How To Critique A Poem
Just as there is an art form to writing poetry there is an art form to critiquing poetry.  The ability to write a quality critique is a skill, and just like all types of writing, it is a skill that requires thought and practice.  A good critique is a valuable offering that you make to the poet. The critique helps the poet to understand how their readers feel about their work.  Most writers are very appreciative of constructive feedback.

Critiquing is not about analyzing the poem; it is about helping the poet to become a better writer.  Before you jump into critiquing take a read of the following, to write the most beneficial critique possible.

READ.  Read the poem a few times out-loud.  It is important that, as a reader, you do your best to hear and understand each word.  Did it flow?  Did the words roll off your tongue?

STYLE.  What poetic style did the writer chose?  Many poems have very specific rhyme schemes or meters; did the poet follow the rules of the type of poem they chose to write?

CONTENT.  Did they use clichés?  Were they redundant in their word choices or the imagery they used? Was there little variation between the syllables, meters and simple vowel rhymes? How was their choice of words?  Did they use symbolism, irony, metaphors or similes?  Where they’re any inconsistencies?

ORIGINALITY.   Is it original?  Be careful with this one, just because it is the same old topic does not mean it’s not original. 

EMOTION.  Were they able to make you feel something?  Did it leave you thinking about its theme after you were done reading it? Did it offer you insight?  Did it pull at your heart strings? 

I NOT YOU.  When you write your critique always use “I” and “I feel” not “You” and “Your poem is” to describe how you feel.  Remember what one-person loves another may hate.

BE POSITIVE.  When you critique the work of others always be positive and constructive.  Rather than say something hurtful say nothing at all.  When you say something negative support it with constructive statements like: “I feel this poem would have been more effectively rendered by” or “I would suggest.”  Always start with something positive.  If you do say something negative, remind the poet that this is merely your opinion.

ADD VALUE.   A critique should help the writer learn to write better poems.   Offer suggestions from the point of the view of the reader. Point out places that aren’t clear or inconsistent.  Make your advice as concrete as possible.  “I love this” and “This is bad” aren’t enough.  If you can’t think of something to offer in form of structure or content let the writer know your interpretation of their poem.  Letting them know how it made you feel is just as helpful.  Don’t be afraid to point out things you don’t like.  This will only help make them better.  But, if you do this, point out the positive and always remember a little encouragement goes a long way.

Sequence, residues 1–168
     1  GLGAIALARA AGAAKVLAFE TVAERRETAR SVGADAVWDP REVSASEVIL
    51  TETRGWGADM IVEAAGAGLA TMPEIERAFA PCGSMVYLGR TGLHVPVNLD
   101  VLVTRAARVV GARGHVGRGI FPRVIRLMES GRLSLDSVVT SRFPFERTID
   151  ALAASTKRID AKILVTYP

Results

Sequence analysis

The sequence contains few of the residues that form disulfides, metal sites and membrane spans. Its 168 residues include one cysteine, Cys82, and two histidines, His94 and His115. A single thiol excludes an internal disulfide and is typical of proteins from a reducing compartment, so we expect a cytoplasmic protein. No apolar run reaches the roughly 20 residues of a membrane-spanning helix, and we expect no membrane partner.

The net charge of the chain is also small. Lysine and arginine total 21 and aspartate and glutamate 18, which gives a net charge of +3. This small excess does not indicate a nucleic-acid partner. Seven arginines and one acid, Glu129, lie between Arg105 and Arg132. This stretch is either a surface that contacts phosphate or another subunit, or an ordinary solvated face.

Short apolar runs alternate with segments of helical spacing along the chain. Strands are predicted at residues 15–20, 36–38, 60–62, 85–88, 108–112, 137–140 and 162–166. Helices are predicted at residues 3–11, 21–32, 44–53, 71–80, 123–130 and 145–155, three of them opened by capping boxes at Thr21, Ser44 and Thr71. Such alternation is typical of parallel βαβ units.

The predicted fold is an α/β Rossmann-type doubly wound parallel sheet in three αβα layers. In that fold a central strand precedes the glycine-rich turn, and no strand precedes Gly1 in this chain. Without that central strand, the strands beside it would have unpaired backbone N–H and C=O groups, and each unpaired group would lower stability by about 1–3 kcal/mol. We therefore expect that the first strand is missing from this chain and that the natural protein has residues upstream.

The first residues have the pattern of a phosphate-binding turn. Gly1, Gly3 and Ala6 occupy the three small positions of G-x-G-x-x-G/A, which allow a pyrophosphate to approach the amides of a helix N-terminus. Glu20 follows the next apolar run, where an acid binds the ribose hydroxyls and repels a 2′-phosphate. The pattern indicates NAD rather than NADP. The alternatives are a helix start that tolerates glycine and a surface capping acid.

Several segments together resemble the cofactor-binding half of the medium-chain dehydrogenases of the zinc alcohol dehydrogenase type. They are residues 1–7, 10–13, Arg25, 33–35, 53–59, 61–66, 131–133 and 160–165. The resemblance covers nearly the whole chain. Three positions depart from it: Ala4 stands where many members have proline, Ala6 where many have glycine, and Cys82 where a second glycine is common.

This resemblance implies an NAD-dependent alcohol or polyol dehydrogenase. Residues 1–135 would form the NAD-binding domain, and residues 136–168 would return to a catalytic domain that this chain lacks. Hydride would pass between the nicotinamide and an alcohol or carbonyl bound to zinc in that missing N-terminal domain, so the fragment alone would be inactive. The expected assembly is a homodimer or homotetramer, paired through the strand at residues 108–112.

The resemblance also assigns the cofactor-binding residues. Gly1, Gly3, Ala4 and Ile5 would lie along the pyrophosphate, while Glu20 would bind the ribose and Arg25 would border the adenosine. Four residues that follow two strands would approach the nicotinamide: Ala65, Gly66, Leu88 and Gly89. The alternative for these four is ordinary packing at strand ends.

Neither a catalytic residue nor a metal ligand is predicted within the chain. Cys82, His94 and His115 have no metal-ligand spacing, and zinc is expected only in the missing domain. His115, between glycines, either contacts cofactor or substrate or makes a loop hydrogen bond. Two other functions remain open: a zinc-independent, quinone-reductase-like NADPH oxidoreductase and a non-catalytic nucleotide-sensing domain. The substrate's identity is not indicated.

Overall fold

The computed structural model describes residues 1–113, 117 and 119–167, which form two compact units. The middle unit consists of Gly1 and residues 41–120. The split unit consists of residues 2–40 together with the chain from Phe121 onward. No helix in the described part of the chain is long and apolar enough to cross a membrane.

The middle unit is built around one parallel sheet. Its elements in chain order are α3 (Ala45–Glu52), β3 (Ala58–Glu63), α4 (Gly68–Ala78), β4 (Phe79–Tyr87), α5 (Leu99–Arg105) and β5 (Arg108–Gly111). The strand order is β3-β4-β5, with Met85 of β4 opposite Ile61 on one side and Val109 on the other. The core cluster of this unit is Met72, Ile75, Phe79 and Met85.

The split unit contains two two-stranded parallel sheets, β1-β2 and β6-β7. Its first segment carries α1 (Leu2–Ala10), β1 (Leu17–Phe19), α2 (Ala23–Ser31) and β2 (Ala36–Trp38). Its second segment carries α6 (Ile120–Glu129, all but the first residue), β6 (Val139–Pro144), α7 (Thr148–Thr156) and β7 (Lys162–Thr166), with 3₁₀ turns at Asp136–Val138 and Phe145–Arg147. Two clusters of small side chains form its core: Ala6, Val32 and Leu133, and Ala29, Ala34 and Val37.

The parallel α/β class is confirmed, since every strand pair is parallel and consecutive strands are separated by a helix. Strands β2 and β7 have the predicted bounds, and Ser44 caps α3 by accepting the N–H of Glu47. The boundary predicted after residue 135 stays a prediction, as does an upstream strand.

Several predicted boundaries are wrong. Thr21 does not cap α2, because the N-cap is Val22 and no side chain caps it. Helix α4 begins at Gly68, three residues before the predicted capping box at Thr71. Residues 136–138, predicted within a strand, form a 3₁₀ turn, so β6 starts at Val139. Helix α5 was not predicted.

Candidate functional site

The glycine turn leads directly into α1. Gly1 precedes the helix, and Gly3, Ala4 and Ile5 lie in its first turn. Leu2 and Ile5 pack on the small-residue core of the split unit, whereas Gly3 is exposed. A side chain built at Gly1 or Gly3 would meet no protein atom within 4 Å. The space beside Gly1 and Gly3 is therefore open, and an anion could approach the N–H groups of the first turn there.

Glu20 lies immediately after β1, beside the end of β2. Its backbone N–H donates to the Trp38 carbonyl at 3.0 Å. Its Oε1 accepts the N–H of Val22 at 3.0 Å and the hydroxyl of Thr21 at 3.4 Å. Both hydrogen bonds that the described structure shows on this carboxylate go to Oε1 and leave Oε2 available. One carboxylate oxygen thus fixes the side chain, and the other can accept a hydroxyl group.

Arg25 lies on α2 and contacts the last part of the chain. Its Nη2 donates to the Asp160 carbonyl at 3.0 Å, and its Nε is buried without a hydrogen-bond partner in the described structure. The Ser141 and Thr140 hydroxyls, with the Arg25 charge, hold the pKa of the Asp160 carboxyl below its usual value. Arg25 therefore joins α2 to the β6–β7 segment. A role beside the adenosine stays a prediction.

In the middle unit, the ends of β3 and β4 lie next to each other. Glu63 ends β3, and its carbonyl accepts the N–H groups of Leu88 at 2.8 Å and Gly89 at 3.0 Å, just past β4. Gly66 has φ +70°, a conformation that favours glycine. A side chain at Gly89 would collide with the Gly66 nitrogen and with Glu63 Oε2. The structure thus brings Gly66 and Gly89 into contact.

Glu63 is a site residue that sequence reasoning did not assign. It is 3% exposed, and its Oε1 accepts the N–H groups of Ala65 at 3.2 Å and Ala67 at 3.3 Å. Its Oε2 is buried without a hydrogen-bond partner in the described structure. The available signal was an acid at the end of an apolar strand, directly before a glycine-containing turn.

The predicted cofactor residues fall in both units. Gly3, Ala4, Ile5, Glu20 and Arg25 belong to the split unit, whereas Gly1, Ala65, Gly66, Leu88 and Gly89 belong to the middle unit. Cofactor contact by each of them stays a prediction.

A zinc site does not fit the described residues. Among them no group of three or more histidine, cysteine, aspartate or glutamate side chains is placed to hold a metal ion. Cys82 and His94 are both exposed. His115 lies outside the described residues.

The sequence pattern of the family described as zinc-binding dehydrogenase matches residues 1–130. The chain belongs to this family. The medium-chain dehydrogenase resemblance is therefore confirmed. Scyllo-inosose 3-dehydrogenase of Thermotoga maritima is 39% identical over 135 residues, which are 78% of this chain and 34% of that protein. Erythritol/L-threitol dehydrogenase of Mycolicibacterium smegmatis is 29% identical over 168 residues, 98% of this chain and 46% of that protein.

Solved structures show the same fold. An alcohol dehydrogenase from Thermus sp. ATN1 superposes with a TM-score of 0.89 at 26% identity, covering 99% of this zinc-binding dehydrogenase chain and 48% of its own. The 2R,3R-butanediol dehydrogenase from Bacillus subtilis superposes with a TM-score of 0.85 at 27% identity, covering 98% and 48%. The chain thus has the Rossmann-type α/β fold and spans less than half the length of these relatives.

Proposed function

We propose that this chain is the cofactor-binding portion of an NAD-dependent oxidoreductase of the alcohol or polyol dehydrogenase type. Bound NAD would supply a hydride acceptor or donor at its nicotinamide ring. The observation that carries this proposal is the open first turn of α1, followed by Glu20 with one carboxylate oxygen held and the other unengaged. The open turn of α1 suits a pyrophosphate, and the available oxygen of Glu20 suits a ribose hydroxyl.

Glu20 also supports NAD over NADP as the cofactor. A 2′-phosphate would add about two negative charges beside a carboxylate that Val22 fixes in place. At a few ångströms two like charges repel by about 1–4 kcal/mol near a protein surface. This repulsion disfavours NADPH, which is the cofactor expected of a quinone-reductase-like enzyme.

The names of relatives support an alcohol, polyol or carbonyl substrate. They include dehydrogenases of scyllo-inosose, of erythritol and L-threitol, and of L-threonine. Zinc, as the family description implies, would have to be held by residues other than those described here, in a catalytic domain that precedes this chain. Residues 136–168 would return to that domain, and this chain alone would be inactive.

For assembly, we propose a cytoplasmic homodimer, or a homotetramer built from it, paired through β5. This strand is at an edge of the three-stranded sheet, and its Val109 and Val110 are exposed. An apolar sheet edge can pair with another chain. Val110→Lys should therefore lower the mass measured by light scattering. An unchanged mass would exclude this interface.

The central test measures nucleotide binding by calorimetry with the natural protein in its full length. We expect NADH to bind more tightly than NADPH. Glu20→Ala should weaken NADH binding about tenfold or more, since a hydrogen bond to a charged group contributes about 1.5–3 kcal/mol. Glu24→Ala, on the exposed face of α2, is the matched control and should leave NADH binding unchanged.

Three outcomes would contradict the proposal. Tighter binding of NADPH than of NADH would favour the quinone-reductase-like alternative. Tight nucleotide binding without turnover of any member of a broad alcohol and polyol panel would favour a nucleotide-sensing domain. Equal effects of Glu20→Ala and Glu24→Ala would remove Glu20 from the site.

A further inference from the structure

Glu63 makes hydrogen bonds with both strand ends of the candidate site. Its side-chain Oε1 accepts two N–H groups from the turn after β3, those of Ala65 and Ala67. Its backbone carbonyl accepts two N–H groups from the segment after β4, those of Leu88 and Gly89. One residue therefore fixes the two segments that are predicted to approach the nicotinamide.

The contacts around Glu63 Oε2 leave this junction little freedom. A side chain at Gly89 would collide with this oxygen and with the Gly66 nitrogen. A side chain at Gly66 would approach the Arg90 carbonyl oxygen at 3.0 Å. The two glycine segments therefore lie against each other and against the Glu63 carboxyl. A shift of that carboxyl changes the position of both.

PRACTICE:  There are a ton of great poems here at WritingRoom for you to critique.  The writers here truly appreciate your comments and critiques.  Also, critiquing others poems only helps to make you a better poet.

JMariah   JMariah wrote
on 9/21/2009 8:30:22 PM
Well, I don't agree that "Most writers are very appreciative of constructive feedback". I know that many sites are set up for writers to get this kind of feedback from fellow artists. But in my many years of writing and commenting on others' poetry, I have found that most writers post only to get the "wow, nice poem" or "I really like this" comment. I've had to feel out each site very carefully to see what writers were looking for, because I have offended many unintentionally by critiquing and not simply leaving a favourable comment. What I would add to this article is to keep in mind how the poem made you (the reader) feel. What things worked or didn't work and why.

Iviedoe   Iviedoe wrote
on 3/1/2009 2:26:57 AM
very informative report. i do though agree with DocLivingston on 2.25.09. I would like an article classifing the several sorts and genres of poetic conveyance. What does writing Room have to say about that?

DocLivingston   DocLivingston wrote
on 2/25/2009 7:13:14 AM
I would like to see a definition of poetry styles. Not just for critique but to label my own writings. I can recognize Haiku and limericks, but what is a sonnet ? When you have a regular rhythm and rhyme what is the style? I suppose I could look it up on wicipedia but I am more interested in the opinion of Writing Room.

DwayneKilbourne   DwayneKilbourne wrote
on 10/12/2008 12:16:04 AM
Great ideas and recommendations. We are all in this writing craft together, and we all should be supportive. How we critique one another's pieces of work is very important! Thanks again for the guidance!

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Tips on critiquing poetry.